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Genetic and Environmental Influences on Correlations Between Hearing and Cognitive Functions in Middle and Older Chinese Twins

  • Chunsheng Xu (a1) (a2) (a3), Dongfeng Zhang (a1), Xiaocao Tian (a2) (a3), Haiping Duan (a1) (a2) (a3), Yili Wu (a1), Zengchang Pang (a1) (a2) (a3), Shuxia Li (a4) and Qihua Tan (a4) (a5)...

Abstract

The genetic and environmental impacts on correlations between hearing and cognitive functions have not been well studied. Cognitive function was evaluated by the Montreal Cognitive Assessment (MoCA). Hearing function was assessed by audiometric pure-tone hearing thresholds at different frequencies, including 0.5 kHz, 1 kHz, 2 kHz, 4 kHz, 8 kHz, and 12.5 kHz, with the lower hearing thresholds indicating better hearing function. Cognitive and hearing functions were measured on 379 complete twin pairs (240 monozygotic and 139 dizygotic pairs) with a median age of 50 years (range: 40–80 years). Bivariate twin models were fitted to quantify the genetic and environmental components of the correlations between hearing and cognitive functions. The analysis showed significantly high genetic correlation between 2 kHz of hearing and cognition (r G = −1.00, 95% CI [−1.00, −0.46]) and moderate genetic correlation between 4 kHz of hearing and cognition (r G = −0.62, 95% CI [−1.00, −0.14]). We found no significant genetic correlations between low as well as high frequencies of hearing and cognition. Low to moderate common and unique environmental correlations were shown between low frequencies of hearing and cognition (−0.13 to −0.39) and the common environmental correlation between 8 kHz, one of the high frequencies of hearing, and cognition (−0.22). The middle frequencies of hearing and cognitive functions may have a shared genetic basis. Low frequencies of hearing and cognition may share similar common and unique environmental factors. At 8 kHz, the high frequency of hearing and cognition may share similar common environment. This twin study detected a significant genetic and environmental basis in the phenotype correlation between cognition and hearing, which differed across frequencies.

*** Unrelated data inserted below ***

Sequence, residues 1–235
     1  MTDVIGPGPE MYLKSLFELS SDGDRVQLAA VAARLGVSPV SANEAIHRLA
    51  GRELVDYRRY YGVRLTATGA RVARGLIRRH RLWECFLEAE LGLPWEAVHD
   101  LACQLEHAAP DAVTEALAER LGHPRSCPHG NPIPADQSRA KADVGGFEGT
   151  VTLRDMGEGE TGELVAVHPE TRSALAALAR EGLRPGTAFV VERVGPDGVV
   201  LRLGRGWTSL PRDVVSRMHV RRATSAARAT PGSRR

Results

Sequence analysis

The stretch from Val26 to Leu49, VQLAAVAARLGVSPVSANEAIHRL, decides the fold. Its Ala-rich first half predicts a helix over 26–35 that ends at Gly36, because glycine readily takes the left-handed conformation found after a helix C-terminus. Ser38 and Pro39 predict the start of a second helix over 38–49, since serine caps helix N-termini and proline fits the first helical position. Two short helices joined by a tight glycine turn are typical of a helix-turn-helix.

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Corresponding author

address for correspondence: Prof. Dongfeng Zhang, School of Public Health, Qingdao University, No. 38 Dengzhou Road, Shibei District, Qingdao, Shandong 266021, China. E-mail: zhangdongfeng@qdu.edu.cn

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Twin Research and Human Genetics
  • ISSN: 1832-4274
  • EISSN: 1839-2628
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